Air Filtration in Schools May Improve Test Scores
The cognitive effects of outdoor air pollution can be devastating, particularly for schoolchildren. A new working paper suggests that there may be an inexpensive correction for this—cleaning up indoor air using air filters.
The study took advantage of the political fallout from a 2015–16 gas leak in California. Residents demanded protection from the effects of the gas, and as part of that, the gas company ended up installing air filters in schools located within five miles of the leak. It turned out that the gas dissipated before ever entering the schools, but the circumstances inspired working paper author Michael Gilraine, Ph.D., of New York University to study the impacts of the air filters.
He compared test scores between schools with air filtration and those nearby that did not have air filtration. Students with filtered air significantly out-performed their peers without filtered air on both math and English tests. The effects were comparable to decreasing class size by a third, according to Matthew Yglesias, writing for Vox.
Gilraine claims that air filtration might be the most cost-effective way to boost test performance, adding that the impacts could be greatest for low-income students, who tend to live in the most polluted neighborhoods. “Installing air filters in schools throughout many areas of the United States should generate similar test score gains,” he concludes, adding that this relatively inexpensive fix could even potentially remove persistent test score gaps between low-income children and more affluent students.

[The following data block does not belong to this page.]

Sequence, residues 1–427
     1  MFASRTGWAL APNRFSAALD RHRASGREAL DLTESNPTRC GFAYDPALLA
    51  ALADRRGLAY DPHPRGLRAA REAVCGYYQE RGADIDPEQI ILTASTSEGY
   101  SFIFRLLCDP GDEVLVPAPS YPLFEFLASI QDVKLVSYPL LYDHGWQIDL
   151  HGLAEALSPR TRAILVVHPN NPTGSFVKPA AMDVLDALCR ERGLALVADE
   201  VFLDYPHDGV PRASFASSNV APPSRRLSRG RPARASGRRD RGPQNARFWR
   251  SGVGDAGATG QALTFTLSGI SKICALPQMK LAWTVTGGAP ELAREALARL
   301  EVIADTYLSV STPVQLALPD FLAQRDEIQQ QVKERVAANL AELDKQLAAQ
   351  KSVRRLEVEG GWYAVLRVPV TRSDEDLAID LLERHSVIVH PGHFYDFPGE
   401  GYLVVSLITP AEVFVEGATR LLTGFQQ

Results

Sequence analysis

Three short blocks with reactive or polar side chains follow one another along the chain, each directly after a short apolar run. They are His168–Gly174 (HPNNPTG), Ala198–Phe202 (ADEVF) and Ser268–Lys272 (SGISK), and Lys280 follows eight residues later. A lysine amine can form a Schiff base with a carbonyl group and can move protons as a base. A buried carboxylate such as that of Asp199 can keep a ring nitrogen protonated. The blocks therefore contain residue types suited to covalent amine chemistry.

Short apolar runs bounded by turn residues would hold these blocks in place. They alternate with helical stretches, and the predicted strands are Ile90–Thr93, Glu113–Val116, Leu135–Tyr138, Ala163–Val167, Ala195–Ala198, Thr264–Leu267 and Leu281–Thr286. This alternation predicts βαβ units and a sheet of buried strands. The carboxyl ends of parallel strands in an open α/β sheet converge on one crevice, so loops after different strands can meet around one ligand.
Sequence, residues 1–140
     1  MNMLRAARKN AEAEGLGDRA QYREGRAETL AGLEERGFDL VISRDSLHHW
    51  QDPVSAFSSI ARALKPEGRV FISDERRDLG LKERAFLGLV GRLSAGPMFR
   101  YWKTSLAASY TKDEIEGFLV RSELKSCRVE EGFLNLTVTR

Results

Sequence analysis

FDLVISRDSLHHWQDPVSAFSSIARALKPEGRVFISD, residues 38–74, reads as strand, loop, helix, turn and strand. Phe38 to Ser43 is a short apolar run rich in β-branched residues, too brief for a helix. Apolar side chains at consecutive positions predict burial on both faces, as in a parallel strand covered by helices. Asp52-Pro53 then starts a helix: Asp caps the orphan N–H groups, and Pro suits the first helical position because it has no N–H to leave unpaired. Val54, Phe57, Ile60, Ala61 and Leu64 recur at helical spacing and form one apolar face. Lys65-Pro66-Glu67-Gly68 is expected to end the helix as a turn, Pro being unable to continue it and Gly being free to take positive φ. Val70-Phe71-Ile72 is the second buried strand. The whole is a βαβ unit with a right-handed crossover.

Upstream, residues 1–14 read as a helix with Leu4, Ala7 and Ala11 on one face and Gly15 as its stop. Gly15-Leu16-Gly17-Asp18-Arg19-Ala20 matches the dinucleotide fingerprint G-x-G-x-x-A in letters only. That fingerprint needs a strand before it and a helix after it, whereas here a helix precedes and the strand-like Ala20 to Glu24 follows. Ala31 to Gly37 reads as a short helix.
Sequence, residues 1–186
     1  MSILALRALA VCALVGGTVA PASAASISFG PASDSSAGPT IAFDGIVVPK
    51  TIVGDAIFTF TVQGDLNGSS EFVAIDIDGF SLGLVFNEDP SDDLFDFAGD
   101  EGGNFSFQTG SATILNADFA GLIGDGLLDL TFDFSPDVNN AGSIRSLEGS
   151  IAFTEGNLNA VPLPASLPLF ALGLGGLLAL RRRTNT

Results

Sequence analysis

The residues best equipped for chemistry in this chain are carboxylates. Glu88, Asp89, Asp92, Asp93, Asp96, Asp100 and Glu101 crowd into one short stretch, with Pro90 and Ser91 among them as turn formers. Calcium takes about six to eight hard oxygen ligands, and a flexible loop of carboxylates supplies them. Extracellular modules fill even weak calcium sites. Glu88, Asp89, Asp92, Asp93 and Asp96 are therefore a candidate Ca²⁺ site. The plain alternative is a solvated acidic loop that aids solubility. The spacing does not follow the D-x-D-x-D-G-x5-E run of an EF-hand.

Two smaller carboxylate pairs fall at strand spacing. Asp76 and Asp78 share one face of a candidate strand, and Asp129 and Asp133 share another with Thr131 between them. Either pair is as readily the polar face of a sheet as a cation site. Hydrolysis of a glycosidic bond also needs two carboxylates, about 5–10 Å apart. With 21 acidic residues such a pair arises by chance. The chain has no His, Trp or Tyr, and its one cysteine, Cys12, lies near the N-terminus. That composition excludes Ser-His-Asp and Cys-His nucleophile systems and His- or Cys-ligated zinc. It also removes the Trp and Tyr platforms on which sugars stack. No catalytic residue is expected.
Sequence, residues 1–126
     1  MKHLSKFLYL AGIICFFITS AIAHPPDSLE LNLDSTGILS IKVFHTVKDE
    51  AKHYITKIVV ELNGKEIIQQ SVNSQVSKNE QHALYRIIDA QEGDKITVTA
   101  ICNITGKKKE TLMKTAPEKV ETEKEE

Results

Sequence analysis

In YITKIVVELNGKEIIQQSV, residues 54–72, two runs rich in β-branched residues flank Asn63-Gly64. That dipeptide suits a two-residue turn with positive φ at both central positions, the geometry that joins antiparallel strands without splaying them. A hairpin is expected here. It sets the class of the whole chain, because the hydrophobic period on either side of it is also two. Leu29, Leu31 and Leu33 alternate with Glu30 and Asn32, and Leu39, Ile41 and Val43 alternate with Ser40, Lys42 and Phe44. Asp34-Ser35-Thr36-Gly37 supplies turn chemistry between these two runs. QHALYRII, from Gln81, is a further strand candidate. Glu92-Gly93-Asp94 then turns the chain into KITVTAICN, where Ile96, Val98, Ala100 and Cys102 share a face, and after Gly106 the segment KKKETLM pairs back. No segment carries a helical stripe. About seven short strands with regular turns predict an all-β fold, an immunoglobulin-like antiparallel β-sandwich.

The study did not address the level of filtration that might be required, nor did it assess the potential energy costs associated with filtering air.
For more information:
National Education Working Papers
Melton, P. (2020, March 2). Air Filtration in Schools May Improve Test Scores. Retrieved from https://www.buildinggreen.com/newsbrief/air-filtration-schools-may-improve-test-scores